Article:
Parliament`s mandate is based either on a report adopted in committee or on the position adopted in plenary. Once the committee on the merits has adopted its report, it can decide to start negotiations. At first reading, such a decision is subject to “control” by the Assembly. The Assembly can either approve the committee`s decision to enter into negotiations with its report as a mandate, or amend the content of the report and refer it to the negotiating committee as amended. The Assembly may decide at any time to conclude Parliament`s first reading without negotiation. The trilogue negotiations are, on the side of Parliament, a negotiating team composed of the President or a Vice-President of the competent committee, the rapporteur and, at the very least, the shadow rapporteurs of each political group which wishes to participate and, on the Council side, representatives of the Council Presidency. The Commission is also present. Trilogues are informal tripartite meetings on legislative proposals between representatives of Parliament, the Council and the Commission. They must reach an interim agreement on a text acceptable to both the Council and Parliament. They can be organized at any stage of the legislative process and lead to so-called “first readings,” “early second readings” or “second reading” or “common text” during the conciliation procedure.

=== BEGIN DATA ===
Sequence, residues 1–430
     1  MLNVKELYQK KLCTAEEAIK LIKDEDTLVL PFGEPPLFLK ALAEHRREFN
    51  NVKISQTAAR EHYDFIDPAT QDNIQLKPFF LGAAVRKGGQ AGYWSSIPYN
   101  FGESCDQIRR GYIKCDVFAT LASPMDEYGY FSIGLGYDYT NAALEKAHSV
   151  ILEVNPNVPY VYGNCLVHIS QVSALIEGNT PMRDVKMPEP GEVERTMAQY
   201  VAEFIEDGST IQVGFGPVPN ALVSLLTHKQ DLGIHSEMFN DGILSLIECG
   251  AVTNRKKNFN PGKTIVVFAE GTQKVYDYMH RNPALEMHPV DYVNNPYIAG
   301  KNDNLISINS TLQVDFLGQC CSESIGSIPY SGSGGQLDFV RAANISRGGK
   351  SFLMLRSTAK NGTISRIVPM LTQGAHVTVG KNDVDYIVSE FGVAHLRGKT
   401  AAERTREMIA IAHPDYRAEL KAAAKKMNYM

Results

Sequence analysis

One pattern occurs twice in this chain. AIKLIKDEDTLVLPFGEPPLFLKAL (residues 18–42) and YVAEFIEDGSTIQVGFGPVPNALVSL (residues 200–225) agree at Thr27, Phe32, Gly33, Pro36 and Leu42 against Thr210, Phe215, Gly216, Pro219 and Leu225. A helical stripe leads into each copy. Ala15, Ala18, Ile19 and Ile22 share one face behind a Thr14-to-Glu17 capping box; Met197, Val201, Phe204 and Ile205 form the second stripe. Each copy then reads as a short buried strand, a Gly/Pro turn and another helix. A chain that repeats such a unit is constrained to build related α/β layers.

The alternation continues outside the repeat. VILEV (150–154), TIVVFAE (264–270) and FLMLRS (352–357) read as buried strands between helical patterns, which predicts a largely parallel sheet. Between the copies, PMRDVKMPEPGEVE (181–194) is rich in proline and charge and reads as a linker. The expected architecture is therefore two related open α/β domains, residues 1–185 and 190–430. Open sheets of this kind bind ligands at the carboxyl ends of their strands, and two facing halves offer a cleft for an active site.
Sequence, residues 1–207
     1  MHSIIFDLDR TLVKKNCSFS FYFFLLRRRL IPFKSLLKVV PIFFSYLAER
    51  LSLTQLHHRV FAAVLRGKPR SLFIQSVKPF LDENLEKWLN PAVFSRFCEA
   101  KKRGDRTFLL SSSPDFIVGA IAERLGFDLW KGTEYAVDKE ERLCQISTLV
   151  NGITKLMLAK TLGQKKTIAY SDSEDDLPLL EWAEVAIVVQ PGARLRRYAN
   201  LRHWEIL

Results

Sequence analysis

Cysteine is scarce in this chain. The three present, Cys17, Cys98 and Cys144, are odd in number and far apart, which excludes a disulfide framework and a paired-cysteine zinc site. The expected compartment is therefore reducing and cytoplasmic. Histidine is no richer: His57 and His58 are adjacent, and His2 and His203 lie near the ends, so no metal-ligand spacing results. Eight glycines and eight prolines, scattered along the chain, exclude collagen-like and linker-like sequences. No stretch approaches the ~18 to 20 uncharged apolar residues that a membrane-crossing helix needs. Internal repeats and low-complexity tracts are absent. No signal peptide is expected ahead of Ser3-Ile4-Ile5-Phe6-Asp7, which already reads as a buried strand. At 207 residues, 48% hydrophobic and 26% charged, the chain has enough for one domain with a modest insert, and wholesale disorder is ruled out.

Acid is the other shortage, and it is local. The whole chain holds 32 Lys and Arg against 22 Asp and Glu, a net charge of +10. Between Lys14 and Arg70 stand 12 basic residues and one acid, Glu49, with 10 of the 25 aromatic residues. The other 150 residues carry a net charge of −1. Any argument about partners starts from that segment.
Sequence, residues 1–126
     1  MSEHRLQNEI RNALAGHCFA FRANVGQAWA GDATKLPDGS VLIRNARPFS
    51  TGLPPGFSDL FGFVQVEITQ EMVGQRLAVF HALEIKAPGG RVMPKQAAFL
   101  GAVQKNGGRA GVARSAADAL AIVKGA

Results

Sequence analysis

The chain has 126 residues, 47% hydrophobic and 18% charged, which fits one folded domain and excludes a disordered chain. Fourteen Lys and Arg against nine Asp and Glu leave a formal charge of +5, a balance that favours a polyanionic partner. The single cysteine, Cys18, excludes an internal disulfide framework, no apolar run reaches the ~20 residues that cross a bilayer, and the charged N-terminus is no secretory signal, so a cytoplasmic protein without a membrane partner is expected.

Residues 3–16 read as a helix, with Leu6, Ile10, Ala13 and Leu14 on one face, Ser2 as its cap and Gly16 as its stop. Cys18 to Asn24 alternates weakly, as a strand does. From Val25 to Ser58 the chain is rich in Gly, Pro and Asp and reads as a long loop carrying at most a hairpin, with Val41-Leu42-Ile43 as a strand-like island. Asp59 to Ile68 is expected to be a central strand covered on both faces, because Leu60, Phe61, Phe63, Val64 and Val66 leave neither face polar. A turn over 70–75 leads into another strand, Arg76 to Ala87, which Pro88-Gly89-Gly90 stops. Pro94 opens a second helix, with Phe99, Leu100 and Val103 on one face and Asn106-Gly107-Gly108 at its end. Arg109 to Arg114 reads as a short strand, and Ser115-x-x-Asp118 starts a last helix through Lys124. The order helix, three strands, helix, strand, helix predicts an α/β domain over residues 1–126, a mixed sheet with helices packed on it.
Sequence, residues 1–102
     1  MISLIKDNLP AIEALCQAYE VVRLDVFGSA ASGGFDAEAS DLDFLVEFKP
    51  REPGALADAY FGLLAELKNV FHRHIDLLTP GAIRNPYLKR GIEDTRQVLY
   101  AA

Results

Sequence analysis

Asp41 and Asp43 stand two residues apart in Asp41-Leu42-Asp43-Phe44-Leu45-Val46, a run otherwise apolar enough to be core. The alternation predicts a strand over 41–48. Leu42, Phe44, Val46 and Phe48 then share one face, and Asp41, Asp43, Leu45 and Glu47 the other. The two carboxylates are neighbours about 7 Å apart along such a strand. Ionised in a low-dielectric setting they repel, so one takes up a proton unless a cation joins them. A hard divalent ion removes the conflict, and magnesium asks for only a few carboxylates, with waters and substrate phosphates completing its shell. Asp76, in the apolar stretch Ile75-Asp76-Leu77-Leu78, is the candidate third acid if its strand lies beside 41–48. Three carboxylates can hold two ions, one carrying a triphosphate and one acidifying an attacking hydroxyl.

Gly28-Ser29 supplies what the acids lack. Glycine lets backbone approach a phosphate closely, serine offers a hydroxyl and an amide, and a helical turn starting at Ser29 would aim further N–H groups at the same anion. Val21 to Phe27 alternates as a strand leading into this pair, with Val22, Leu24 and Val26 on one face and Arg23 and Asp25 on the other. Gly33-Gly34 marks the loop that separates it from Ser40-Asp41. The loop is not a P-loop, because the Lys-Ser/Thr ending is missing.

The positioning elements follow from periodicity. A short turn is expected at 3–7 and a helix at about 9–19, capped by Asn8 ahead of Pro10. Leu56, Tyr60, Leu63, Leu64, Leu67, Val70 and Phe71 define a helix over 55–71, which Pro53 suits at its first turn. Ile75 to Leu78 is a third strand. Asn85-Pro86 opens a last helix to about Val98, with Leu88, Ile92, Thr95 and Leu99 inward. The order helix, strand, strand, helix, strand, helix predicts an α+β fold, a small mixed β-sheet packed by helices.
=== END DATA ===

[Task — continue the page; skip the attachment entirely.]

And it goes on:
During the trilogue meetings chaired by the co-legislator who organizes the meeting (i.e. either Parliament or the Council), the two institutions present their views and a debate develops. The Commission acts as an intermediary to facilitate an agreement between the co-legislators. The participants in the trilogues work on the basis of the negotiating mandates assigned to them by their respective institutions: the competent committee or the plenary assembly of Parliament, the Coreper or the Council in the Council and the Commission College. The three delegations examined the informal possibilities for compromise and regularly reported according to the internal rules of their respective institutions, i.e.: